The Remote Desktop Protocol (RDP) allows someone to access the desktop of a system remotely and work with it interactively. However, depending on the access an adversary has on your environment, this may be more or less viable as a lateral movement technique, since real-time manual interaction is required.
SharpRDP tries to remediate this by allowing attackers to perform remote command execution through RDP without the need to have real-time manual interaction by simulating keystrokes on the target system. This allows an attacker to (asynchronously) run a binary on an already compromised system, which in turn will connect to the target system and execute a set of keystrokes.
Essentially you can compare the keystrokes injection to the blind injection you would achieve by using a Ducky or the JackIt keystroke injection attack, with the distinction that, for SharpRDP, you actually need credentials.
For an attacker this method of executing commands can be very useful, especially if he managed to get his hands on a local admin account (not RID500) and you have your ‘LocalAccountTokenFilterPolicy’ set to 0. Using SharpRDP an attacker can execute the (elevated) commands required to change this registry key, disabling the security features which prevent elevated access by such accounts through network logons like SMB or WMI.
You can find the query here on GitHub
Blue: SharpRDP basically has no legitimate use case. Therefore it would be great to be able to detect it. However, as it uses the regular RDP libraries, this is quite difficult. The only tell-tale sign from a connection perspective is the default resolution of 200x200 that is being used by SharpRDP. Additionally, you could monitor for very short RDP connections, in particular the ones of under a minute of duration.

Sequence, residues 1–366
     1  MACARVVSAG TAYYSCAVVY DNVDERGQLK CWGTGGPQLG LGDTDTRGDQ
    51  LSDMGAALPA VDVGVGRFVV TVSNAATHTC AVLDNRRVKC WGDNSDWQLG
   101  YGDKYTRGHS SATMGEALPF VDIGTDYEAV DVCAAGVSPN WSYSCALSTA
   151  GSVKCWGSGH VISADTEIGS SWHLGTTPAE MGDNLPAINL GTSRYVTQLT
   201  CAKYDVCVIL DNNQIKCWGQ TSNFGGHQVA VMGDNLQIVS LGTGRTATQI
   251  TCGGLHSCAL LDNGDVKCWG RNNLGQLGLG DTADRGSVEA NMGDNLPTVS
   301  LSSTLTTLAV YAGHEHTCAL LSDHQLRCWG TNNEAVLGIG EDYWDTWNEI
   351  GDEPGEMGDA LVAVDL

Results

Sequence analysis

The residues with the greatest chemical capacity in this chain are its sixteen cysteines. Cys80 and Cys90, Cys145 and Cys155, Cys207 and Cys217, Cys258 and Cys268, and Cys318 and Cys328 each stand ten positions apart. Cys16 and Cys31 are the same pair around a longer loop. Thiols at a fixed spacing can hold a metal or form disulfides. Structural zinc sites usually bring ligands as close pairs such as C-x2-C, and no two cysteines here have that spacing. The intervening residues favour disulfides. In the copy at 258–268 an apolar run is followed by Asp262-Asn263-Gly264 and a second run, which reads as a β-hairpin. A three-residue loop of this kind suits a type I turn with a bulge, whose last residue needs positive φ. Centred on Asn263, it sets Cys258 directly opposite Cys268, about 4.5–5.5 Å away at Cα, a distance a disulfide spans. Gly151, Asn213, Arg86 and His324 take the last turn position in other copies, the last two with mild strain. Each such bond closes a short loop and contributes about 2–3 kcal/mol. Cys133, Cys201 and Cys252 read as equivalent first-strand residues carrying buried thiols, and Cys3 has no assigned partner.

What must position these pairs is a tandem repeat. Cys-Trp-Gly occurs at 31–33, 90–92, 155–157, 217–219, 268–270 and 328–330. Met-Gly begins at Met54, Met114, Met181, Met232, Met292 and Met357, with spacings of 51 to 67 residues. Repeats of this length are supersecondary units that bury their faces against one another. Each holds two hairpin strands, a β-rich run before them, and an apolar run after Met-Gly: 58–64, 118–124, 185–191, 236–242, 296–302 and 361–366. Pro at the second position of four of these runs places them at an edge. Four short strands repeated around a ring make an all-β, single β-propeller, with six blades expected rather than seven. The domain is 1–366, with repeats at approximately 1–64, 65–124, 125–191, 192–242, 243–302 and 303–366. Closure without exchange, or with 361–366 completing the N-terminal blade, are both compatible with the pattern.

Lastly, you could monitor for the behavior that SharpRDP exhibits on the target system. The most relevant is leveraging taskmgr.exe to gain elevated execution, which means that taskmgr.exe is creating unexpected child processes. However, this will not catch slightly more advanced adversaries which do not simply run the standard tool. You could include the filter to look at taskmgr.exe being launched without command line parameters — which is the default behavior of SharpRDP. Unfortunately, this is relatively simple to change as an attacker. During our testing the provided detection without the additional filter was already providing a small number of detections.
At this point you might wonder what the command line parameters are doing. As far as we could dig up there is no clear documentation on this. What we did see is that there is a difference in the way task manager is launched from a command line perspective. See below for details how the various ways the Task Manager is launched shows its different command line arguments.
- Right-click the taskbar, and click Start Task Manager.
- Press Ctrl+Shift+Esc.
- Press Ctrl+Alt+Del, and click Start Task Manager.
- Start a non-elevated Task Manager, and click the Show processes from all users button.
Red: It is fairly trivial to change the characteristics of SharpRDP. For example by explicitly setting a more realistic requested resolution, expanding the connection time or changing the way it achieves code-execution.